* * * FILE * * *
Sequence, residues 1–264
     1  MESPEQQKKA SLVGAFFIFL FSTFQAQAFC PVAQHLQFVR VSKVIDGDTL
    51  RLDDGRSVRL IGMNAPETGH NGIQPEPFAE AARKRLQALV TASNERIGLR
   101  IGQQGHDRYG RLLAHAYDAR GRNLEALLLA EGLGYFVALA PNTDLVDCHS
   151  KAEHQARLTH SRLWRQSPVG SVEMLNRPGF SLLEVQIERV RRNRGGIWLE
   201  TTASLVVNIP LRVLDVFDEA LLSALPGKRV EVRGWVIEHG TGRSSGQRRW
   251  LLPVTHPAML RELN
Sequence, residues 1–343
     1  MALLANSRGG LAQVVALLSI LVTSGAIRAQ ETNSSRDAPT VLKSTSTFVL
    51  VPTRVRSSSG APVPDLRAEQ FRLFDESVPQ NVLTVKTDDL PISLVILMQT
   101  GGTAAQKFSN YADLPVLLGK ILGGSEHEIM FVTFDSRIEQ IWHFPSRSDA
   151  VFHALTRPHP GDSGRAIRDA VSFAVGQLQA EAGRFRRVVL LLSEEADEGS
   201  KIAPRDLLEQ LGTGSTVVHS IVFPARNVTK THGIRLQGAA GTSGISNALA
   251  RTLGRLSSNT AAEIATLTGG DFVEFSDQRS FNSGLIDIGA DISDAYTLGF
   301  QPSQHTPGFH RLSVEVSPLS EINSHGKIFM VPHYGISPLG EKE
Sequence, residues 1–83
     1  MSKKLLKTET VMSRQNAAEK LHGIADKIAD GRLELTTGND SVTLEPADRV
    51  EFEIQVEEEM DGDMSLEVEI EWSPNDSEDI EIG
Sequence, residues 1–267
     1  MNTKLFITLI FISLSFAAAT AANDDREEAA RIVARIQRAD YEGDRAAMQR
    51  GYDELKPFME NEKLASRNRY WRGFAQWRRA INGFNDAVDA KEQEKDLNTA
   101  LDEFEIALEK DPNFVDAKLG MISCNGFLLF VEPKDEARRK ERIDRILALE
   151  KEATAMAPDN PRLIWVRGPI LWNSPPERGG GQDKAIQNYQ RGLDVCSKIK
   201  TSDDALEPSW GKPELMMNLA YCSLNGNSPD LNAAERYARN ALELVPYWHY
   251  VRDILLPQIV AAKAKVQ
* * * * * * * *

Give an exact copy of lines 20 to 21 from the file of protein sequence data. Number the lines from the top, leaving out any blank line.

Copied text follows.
     1  MNTKLFITLI FISLSFAAAT AANDDREEAA RIVARIQRAD YEGDRAAMQR
    51  GYDELKPFME NEKLASRNRY WRGFAQWRRA INGFNDAVDA KEQEKDLNTA